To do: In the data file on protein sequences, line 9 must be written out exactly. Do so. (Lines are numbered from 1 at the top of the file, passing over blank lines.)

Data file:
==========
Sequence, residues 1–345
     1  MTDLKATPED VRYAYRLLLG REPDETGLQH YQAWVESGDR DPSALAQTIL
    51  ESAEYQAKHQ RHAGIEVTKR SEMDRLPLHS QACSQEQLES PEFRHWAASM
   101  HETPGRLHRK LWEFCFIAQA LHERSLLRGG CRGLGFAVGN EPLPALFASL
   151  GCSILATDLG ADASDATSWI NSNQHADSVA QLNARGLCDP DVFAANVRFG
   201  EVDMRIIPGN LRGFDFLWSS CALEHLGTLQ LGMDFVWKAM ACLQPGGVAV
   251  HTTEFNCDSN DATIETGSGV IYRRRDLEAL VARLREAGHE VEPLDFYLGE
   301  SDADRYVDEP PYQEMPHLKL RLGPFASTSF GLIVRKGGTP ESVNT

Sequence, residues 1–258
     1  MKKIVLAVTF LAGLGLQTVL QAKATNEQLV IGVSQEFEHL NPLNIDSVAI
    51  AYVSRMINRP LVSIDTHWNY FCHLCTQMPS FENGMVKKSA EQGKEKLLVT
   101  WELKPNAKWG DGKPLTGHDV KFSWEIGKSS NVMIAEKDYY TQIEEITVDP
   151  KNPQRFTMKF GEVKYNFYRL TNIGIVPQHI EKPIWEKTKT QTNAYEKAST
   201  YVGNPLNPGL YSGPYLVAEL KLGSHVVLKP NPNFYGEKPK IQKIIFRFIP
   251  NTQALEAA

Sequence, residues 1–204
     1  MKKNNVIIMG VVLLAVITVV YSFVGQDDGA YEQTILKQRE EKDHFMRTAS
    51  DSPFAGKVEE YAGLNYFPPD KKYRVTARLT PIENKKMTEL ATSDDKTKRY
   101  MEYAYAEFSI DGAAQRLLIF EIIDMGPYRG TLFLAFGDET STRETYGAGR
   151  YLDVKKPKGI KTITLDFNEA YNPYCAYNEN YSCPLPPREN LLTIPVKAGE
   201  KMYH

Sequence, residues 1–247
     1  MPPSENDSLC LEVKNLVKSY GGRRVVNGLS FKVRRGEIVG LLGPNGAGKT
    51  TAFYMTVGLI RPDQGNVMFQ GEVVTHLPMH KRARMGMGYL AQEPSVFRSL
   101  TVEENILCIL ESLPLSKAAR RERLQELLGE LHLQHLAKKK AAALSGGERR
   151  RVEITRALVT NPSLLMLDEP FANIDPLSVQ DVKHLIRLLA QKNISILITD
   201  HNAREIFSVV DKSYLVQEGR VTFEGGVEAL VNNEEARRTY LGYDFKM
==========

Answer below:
Sequence, residues 1–258